Christele Donadini from Astrium Services said: "Monitoring and controlling greenhouse gas (GHG) emissions is crucial at international, national and major city level, to both reduce the level of polluting emissions and to promote the uptake of green, low carbon technologies. This will become even more important as growing populations will make our future cities the primary contribution to man-made global climate change, and countries will need to implement robust strategies to report and reduce their carbon footprint."
As part of a pilot scheme for the new service, NPL, on behalf of Astrium, set up four sensors at elevated points across London to measure the concentrations of carbon dioxide and methane in the city's air.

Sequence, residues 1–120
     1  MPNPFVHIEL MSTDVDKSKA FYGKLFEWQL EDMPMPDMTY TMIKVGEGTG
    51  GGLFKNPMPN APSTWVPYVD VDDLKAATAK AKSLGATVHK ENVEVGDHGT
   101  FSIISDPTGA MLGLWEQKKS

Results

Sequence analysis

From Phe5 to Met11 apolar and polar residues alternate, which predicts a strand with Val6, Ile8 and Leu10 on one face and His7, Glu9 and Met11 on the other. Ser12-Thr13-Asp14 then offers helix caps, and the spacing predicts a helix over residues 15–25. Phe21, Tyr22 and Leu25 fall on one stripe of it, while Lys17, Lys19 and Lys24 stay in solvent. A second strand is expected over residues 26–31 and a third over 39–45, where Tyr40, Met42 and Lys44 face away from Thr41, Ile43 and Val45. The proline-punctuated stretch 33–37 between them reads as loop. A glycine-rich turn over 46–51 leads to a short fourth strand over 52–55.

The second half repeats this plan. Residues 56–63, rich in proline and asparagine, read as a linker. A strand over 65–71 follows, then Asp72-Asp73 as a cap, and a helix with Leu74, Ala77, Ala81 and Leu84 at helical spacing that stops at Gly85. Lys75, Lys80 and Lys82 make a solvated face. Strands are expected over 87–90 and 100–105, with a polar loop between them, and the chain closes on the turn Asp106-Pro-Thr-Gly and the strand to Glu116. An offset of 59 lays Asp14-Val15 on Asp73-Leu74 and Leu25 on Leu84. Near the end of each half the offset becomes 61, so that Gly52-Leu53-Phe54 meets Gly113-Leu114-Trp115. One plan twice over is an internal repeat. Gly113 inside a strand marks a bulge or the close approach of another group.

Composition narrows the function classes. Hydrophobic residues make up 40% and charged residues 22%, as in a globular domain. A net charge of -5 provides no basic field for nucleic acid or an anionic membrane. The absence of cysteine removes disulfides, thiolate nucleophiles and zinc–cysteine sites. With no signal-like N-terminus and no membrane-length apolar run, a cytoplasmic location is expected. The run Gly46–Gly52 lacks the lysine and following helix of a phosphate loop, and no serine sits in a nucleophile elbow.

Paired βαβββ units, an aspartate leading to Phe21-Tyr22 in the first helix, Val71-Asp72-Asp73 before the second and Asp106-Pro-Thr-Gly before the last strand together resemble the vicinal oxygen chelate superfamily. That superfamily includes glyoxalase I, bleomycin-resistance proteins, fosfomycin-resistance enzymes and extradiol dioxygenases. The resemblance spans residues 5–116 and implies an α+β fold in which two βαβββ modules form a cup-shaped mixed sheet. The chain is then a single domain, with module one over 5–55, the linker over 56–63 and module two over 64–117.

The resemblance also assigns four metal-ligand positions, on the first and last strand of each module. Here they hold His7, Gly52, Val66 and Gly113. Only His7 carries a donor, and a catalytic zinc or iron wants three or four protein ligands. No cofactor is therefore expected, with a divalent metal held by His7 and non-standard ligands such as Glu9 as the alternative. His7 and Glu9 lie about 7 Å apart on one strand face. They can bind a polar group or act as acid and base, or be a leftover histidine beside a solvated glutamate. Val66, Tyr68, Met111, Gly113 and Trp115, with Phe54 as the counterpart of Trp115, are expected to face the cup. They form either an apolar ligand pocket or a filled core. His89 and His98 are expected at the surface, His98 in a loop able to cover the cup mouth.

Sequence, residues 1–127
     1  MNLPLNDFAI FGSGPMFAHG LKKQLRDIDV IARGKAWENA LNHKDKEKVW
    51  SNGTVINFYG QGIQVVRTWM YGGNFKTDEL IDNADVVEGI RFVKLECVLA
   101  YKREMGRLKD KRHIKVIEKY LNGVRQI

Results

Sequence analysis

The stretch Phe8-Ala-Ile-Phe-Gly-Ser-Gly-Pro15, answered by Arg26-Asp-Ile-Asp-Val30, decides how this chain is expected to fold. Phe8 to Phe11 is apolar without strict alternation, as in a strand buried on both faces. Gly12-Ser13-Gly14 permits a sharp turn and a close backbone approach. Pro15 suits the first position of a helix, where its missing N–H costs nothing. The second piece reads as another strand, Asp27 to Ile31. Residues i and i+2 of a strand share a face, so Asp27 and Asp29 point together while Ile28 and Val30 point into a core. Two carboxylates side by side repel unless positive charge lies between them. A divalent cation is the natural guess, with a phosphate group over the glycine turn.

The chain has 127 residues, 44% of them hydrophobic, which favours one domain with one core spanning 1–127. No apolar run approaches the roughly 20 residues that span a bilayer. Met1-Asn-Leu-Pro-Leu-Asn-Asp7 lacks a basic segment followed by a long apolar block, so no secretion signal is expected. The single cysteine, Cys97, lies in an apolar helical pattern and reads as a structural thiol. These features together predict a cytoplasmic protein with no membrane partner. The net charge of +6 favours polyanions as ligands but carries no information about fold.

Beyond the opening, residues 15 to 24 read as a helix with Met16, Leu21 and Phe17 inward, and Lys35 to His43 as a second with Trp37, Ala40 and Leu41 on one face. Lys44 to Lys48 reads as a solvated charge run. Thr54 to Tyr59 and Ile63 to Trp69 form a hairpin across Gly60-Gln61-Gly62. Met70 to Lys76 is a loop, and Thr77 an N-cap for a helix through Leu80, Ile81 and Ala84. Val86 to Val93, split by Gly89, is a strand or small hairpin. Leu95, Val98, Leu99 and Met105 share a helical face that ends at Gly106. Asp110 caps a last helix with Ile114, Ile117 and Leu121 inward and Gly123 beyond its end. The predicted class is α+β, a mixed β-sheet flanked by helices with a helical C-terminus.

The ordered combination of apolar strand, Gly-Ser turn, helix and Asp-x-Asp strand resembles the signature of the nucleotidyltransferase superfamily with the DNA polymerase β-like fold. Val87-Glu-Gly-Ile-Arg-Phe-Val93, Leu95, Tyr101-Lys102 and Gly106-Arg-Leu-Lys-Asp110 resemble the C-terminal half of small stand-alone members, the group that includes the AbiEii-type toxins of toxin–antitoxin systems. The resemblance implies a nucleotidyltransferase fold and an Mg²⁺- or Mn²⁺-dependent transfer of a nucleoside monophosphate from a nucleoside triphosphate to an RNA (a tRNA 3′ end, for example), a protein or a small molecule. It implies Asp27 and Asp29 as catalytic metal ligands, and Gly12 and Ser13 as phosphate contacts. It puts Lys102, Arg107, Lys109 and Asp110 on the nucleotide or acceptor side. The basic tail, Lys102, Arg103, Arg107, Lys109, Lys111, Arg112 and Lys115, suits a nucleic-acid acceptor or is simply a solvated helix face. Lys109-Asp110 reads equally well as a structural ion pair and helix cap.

The project combined these ground measurements from a network of four sensors with airborne measurements and space-borne data collection. On top of that, The Astrium Bus, a converted London bus, which housed a mobile GHG sensor, was driven around a fixed London route every day to detect GHG concentrations at road level.
The bus combined the various measurements to produce a real-time cityscape video of carbon dioxide and methane concentrations around Central London. This produced 3D visualisations of modelled emission sources over London, the UK and the world, showing how natural sources and sinks of carbon dioxide compared with man-made emissions over a cycle of days and weeks.
|Contact: Joe Meaney|
National Physical Laboratory